Finally, it’s about getting out there. Don't be an armchair dreamer. Get out, do it and experience it. Explore first, brag later.”
Shooting the magical evening sky
“Most people stop shooting at sunset. Yet just after sunset there is a short burst of magical colourful sky, just before it goes pitch black. Often it’s hard to see with the naked eye but from the LCD screen on the back of your camera you can see the colours in the sky build up. Some days are better than others. Patience is key.
How I like to work it, is really think about the shot before the sun goes down. Think about the framing. Be aware that anything that sits low like bushes, low buildings and flat landscape will just turn black. What really works is having something that fills the sky and has height, in this case I worked with an arch but it could also be a tree, a buzzing city skyline, street lights etc.
If you don’t want it black, use a bit of flash to light up your subject. For this shot I lit up Jesse and the arch with one (off camera) flash, positioning it in a way that I also had a bit of light spill on the left side of the arch. A second light lit up the buildings in the background just to give the image a bit of depth and storytelling of our location.
On the tech side, always use a tripod as your shutter speed drops quickly and you don’t want to mess up your framing either. The shutter speed manages the intensity of the blue sky. The aperture controls your flash. It’s a balancing act between the two and constantly needs adjusting as your ambient light decreases. Work quickly as you may only have 5-10 minutes. Finally bring a head torch. I’m always so hung up working on a grand shot that when finished, I look around and everything is dark with gear scattered all over the place. Having a head torch seriously helps you to pack your bags and find your gear.”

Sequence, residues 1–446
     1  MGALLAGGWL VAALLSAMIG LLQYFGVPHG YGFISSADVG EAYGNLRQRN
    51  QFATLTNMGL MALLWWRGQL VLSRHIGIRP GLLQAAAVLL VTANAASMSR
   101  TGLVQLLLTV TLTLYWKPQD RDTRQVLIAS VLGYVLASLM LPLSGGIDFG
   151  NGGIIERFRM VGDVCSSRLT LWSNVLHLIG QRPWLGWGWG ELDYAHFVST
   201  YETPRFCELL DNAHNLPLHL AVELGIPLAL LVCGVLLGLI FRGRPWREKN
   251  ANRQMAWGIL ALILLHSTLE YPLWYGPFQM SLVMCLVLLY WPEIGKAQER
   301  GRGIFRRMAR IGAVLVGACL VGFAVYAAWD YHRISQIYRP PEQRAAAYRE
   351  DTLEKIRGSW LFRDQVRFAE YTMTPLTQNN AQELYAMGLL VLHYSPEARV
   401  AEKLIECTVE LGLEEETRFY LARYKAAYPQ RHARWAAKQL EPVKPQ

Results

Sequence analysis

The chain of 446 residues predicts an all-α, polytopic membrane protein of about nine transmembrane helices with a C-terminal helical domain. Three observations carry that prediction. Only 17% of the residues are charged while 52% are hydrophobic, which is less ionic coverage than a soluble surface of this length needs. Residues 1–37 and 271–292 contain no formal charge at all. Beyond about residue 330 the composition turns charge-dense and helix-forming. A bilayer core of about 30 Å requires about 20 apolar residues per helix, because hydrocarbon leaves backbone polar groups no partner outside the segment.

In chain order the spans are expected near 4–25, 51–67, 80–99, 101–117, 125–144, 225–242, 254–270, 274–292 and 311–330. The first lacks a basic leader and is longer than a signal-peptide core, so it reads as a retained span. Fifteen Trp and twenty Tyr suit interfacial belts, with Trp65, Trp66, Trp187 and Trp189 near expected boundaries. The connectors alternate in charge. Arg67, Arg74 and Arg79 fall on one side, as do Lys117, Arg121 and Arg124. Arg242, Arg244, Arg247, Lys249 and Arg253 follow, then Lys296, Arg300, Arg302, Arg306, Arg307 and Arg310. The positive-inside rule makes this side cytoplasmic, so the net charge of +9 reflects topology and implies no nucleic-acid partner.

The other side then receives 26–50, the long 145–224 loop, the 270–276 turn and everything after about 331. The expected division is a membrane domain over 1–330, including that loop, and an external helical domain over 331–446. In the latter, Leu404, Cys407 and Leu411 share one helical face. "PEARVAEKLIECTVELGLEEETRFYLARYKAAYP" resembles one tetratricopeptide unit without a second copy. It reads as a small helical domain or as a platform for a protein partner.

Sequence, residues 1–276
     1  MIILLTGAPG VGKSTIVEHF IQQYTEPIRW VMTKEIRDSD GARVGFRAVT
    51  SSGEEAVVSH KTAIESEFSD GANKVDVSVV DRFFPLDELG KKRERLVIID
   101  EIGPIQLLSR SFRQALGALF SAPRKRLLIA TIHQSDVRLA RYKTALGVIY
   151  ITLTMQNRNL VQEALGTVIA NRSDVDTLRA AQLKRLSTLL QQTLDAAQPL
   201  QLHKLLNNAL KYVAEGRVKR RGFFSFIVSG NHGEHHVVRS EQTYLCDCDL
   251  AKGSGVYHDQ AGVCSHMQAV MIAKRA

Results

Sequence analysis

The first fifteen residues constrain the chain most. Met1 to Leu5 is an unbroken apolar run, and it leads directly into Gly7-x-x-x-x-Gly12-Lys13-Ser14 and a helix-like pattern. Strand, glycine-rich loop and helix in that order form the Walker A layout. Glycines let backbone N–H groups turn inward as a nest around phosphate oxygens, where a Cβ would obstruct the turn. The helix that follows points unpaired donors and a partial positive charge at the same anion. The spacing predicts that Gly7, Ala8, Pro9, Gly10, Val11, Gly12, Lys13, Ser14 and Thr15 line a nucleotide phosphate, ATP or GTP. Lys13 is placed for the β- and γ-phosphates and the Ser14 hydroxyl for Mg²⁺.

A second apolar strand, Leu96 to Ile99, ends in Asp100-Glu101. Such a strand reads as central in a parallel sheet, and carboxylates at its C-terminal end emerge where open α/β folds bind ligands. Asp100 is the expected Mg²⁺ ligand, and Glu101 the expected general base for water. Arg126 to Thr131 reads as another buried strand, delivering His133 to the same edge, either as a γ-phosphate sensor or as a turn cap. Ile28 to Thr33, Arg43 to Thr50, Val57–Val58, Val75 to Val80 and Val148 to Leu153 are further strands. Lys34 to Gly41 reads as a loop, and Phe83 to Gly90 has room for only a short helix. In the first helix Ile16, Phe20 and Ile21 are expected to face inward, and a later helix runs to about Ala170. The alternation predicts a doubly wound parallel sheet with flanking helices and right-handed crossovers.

1/100 sec at f/7.1 and ISO400
“Everyone photographer from pro to aspiring will get asked to create a group photo. Might be friends, family or clients, small groups or big. There is no golden rule but following a few handy tips can help you really create something special.
Know how many people you’re shooting and allow for a couple people to be added or invite themselves into the shot (that happens so often). To start its all about the compositing. Based on the group size, what's an interesting setting? How important is the location? What needs to be included? etc. Think about light, let the sun do most of the work and side lighting works better than full on as the crowd will be squinting.